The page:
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How Debt is Divided during a Divorce in Illinois

Joint debt or marital debt are typically items such as auto loans, mortgage(s) and credit cards that which both parties are jointly responsible for. From a legal standpoint, this pertains to debts where both parties benefited from the asset or resource acquired from the loan (debt) acquired during the marriage.

The best and quickest way to deal with joint or marital debt during a divorce is to pay off the obligations. This is typically accomplished with the proceeds from the sale of the family home or with other available assets. Not only is this strategy the easiest, but there are several other advantages: certainty, protection/improvement of your credit record, and a fresh start.

Other Options for Dealing with Marital Debt

There are two more options for dealing with marital debt: Continue to share the debt, or divide the debts with each party takes sole responsibility for their own debts.

Continued Sharing of Debt

The main advantage to this method is that no money is required upfront to pay off the debts immediately. However, there is a risk to your credit score should the other party decide or not be able to pay off their share.

Divide the Debt Equally

This method typically requires more work but brings with it the added security of complete control. Taking charge of your own debts means that there is no chance of being liable for decisions made by your spouse after you separate for the most part. We put that clause at the end because there is still some precedent of creditors going after both parties if one party defaults on payments. This is especially true of credit cards.

Overall the most common and significantly more advantageous route is paying off the debt. This may not be easy, but this path leaves both parties with a clean slate.

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Frequently Asked Questions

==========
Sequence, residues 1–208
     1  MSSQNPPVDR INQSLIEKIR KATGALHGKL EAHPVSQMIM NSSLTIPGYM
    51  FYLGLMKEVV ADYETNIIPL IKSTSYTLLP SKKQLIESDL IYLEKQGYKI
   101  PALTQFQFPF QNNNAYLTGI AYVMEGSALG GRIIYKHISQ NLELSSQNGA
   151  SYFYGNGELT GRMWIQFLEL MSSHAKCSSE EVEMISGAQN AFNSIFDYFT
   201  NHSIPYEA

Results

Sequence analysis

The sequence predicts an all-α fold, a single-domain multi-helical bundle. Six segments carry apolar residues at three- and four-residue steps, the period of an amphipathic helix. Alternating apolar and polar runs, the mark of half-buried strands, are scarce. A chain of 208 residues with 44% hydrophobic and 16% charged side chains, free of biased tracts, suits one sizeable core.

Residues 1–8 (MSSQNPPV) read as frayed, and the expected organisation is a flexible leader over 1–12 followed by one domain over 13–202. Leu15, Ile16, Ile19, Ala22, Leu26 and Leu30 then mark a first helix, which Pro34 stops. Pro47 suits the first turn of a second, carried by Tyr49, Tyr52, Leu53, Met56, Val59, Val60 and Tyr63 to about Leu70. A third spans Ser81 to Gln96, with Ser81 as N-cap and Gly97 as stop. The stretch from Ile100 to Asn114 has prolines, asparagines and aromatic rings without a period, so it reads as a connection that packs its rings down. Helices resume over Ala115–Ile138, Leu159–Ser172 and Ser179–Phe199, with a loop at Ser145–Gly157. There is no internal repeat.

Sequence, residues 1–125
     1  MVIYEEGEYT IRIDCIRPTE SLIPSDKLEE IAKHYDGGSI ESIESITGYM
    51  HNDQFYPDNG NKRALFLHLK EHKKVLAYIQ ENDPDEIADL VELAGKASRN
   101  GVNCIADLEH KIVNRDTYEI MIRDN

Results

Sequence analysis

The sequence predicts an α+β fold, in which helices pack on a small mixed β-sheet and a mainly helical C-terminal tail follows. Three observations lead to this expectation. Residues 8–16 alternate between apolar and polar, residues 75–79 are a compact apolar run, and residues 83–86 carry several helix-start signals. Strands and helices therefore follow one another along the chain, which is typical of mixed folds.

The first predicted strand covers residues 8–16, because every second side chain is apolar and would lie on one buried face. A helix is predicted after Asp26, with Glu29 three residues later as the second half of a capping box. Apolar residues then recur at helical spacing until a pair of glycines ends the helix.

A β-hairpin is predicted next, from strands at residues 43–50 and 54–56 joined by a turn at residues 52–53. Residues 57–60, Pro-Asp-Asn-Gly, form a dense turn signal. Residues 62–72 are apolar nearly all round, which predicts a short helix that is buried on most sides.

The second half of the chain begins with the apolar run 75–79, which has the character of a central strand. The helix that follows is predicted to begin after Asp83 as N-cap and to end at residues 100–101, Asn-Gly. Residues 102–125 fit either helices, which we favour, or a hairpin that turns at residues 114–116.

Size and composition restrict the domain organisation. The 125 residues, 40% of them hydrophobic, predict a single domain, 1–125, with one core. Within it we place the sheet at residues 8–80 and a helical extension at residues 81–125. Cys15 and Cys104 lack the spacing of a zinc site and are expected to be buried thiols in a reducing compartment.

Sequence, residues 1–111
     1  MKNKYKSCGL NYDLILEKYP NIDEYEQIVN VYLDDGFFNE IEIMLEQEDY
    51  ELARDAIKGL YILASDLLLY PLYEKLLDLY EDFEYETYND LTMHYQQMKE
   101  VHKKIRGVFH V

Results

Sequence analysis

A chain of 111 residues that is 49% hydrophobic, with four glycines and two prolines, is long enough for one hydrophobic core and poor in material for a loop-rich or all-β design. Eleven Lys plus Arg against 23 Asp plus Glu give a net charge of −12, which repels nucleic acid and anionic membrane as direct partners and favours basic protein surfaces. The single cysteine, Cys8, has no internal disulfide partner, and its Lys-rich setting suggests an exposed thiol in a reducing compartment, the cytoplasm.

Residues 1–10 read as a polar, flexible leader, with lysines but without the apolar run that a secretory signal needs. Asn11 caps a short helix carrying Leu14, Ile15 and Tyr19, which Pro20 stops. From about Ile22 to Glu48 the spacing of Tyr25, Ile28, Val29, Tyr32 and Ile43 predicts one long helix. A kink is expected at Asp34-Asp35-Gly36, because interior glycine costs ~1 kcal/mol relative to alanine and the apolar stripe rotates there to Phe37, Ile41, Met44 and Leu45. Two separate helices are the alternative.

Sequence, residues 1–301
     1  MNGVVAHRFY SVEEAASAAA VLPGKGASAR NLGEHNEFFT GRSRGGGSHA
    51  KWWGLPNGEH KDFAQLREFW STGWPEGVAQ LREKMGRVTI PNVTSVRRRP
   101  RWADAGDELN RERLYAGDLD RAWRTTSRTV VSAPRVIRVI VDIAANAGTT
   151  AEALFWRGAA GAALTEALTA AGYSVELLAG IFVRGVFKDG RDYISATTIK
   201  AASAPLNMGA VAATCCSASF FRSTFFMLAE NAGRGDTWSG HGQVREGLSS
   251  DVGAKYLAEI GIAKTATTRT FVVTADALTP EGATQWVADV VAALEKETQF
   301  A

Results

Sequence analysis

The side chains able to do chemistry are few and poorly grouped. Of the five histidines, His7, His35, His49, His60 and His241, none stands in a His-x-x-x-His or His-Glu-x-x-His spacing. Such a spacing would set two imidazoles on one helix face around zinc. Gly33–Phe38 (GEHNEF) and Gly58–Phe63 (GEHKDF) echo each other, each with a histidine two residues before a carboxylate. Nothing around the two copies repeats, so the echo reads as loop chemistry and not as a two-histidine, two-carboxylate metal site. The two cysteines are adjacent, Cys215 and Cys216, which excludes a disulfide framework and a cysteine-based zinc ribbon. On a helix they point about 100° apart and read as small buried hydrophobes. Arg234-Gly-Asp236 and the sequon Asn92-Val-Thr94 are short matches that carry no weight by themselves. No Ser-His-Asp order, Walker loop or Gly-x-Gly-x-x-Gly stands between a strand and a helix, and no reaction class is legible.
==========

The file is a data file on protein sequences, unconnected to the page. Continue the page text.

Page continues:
Are you responsible for your spouse's debt in Illinois?

You may be responsible for your spouse’s debts. In a long-term marriage, the debt is more likely to be split equally between spouses. However, if the debt is from before the marriage and isn’t tied to marital property, it will probably stay with that person. It all depends on the specifics of your situation.

Is Illinois a shared debt state?

Illinois is not a 50/50 state, so the debt will be split based on what is fair, not down the middle. So, no, Illinois is not a shared debt state. But there are some debts that will be shared such as if spouses buy a house together.

Do divorced couples split debt?

Most often, divorcing couples divide the debt. Rather than splitting it evenly, parties divide the debt based on what makes sense. For example, if someone is keeping the house and there is still debt associated with it, they will probably keep that debt. Or if someone still has student loans, they will continue to be responsible for them.

How do I protect myself from my husband's debt?

To protect you from the other party’s debt, you want to establish yourself as separate from it. How to do this depends on how the debt is incurred.
For example, if the debts are student loans, you can easily prove who they are. The tricky part here is that the other party could argue that their education brought income to the marriage. But if the debts were credit card debts, then you can track who owned the card and what the purchases were made for.

How is credit card debt split in a divorce?

How credit card debt is split depends on what was purchased. If one party used credit cards to take fancy vacations by themself, then you just have to get evidence of that, and it will go to them. However, if the debt was incurred to pay for something the parties shared, then it will likely be split in half.

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